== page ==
Bluebonnets and tumbleweeds, gunslingers and cattle barons all form part of the romanticized lore of the state of Texas. It has an image as a larger-than-life land of opportunity, represented by oil derricks pumping black gold from arid land and cattle grazing seemingly endless plains. In this historiography of eighteenth– and nineteenth–century chronologies of the state, Laura McLemore traces the roots of the enduring Texas myths and tries to understand both the purposes and the methods of early historians.
Two central findings emerge: first, what is generally referred to as the Texas myth was a reality to earlier historians, and second, myth has always been an integral part of Texas history. Myth provided the impetus for some of the earliest European interest in the land that became Texas. Beyond these two important conclusions, McLemore’s careful survey of early Texas historians reveals that they were by and large painstaking and discriminating researchers whose legacy includes documentary sources that can no longer be found elsewhere. McLemore shows that these historians wrote general works in the spirit of their times and had agendas that had little to do with simply explaining a society to itself in cultural terms.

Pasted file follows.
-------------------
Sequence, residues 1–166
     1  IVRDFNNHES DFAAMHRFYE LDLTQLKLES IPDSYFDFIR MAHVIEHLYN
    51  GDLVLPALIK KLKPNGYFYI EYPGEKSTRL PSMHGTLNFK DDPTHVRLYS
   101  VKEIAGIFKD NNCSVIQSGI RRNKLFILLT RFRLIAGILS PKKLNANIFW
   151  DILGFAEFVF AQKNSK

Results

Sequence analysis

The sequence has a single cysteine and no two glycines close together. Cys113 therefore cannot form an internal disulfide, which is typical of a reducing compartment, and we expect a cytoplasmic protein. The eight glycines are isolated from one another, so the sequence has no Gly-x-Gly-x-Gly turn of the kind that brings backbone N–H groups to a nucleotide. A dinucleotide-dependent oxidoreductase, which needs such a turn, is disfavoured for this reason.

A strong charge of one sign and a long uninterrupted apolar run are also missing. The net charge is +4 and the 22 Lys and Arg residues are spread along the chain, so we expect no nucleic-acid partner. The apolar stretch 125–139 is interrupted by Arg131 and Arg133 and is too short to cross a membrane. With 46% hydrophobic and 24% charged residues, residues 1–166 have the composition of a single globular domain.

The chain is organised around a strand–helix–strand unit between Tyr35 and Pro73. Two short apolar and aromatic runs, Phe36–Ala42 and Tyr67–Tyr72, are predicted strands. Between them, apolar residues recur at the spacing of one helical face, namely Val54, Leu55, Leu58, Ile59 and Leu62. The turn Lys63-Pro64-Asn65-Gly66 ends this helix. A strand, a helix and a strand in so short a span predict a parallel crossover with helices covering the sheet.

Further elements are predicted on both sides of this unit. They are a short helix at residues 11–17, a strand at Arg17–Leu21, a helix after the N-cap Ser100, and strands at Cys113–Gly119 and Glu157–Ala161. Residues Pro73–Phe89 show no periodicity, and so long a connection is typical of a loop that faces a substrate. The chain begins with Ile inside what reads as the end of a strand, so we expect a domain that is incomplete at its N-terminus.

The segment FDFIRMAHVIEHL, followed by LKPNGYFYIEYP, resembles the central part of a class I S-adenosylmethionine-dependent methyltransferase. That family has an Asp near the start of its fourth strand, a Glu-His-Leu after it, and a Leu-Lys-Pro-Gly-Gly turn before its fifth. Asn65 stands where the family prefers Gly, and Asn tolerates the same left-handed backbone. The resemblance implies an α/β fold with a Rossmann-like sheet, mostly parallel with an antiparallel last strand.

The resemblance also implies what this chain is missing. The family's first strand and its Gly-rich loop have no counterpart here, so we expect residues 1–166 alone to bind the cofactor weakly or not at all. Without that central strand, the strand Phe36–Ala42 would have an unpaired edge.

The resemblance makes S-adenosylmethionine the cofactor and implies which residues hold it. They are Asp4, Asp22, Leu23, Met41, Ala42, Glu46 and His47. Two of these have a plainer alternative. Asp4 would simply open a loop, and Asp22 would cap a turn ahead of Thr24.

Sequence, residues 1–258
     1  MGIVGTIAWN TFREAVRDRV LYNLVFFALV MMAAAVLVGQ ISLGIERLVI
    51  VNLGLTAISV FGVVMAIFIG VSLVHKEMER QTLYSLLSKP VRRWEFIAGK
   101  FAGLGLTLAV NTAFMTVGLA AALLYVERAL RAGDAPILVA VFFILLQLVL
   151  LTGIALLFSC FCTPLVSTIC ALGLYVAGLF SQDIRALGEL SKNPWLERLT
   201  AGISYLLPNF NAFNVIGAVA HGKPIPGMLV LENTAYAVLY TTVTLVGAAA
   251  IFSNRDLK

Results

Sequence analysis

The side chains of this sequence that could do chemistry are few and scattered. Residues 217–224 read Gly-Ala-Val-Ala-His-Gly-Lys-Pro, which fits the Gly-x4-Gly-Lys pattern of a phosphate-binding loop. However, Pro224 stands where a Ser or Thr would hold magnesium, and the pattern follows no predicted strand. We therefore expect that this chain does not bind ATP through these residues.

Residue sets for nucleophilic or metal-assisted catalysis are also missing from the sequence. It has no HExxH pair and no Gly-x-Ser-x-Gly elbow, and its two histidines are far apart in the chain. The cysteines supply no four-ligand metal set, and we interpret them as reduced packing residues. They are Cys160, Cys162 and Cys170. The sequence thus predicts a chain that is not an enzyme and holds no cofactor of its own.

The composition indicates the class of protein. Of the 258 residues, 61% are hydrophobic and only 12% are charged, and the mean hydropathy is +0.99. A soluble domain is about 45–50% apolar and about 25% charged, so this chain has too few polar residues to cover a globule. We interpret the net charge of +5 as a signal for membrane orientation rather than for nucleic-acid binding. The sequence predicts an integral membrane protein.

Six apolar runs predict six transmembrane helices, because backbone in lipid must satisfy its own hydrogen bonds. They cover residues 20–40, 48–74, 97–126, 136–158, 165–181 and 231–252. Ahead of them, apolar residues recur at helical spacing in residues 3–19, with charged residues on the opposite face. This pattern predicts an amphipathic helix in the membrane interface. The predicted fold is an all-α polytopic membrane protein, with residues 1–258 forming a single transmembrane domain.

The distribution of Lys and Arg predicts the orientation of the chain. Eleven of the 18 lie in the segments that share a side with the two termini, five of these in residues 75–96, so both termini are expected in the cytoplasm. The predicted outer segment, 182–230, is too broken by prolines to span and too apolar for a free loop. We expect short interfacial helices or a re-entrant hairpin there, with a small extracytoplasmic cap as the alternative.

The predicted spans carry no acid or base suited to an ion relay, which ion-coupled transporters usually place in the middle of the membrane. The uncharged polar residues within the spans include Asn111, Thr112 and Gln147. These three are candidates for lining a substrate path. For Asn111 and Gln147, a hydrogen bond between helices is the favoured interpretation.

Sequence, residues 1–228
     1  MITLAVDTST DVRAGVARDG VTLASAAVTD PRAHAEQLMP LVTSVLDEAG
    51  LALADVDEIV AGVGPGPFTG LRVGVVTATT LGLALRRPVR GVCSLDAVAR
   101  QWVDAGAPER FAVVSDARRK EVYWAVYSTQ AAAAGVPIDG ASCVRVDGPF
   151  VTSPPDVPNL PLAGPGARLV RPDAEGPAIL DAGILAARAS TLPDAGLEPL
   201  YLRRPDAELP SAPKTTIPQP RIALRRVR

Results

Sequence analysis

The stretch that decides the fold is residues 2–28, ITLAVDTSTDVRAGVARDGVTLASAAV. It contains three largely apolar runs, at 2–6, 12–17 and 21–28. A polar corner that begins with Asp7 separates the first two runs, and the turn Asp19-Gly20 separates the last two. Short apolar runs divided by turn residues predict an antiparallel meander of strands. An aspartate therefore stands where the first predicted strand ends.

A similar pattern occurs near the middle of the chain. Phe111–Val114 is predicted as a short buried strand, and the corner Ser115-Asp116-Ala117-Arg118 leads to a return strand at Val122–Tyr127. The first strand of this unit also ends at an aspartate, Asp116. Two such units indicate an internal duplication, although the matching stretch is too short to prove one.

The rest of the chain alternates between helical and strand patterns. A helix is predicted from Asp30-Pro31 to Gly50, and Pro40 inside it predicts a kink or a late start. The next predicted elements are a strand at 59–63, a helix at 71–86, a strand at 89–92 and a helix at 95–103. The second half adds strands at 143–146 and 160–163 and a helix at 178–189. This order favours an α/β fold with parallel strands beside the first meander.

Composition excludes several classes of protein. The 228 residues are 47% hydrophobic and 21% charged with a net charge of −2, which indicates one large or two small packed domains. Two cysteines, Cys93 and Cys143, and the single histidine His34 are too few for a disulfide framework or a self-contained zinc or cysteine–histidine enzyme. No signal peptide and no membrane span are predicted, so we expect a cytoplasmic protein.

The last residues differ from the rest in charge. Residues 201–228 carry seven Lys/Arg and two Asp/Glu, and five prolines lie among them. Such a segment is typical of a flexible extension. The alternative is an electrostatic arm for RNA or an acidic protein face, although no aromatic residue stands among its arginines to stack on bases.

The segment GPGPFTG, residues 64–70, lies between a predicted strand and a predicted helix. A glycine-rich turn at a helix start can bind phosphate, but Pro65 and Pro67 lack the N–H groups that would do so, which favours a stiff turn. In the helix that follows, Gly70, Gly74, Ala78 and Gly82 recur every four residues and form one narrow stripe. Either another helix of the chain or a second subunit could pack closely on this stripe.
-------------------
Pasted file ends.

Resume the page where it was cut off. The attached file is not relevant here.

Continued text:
From Juan Agustin Morfi’s Historia through Henderson Yoakum’s History of Texas to the works of Dudley Wooten, George Pierce Garrison, and Lester Bugbee, the portrayal of Texas history forms a pattern. In tracing the development of this pattern, McLemore provides not only a historiography but also an intellectual history that gives insight into the changing culture of Texas and America itself.
Early Texas historians came from all walks of life, from priests to bartenders, and this book reveals the unique contributions of each to the fabric of state history . A must–read for lovers of Texas history, Inventing Texas illuminates the intricate blend of nostalgia and narrative that created the state’s most enduring iconography.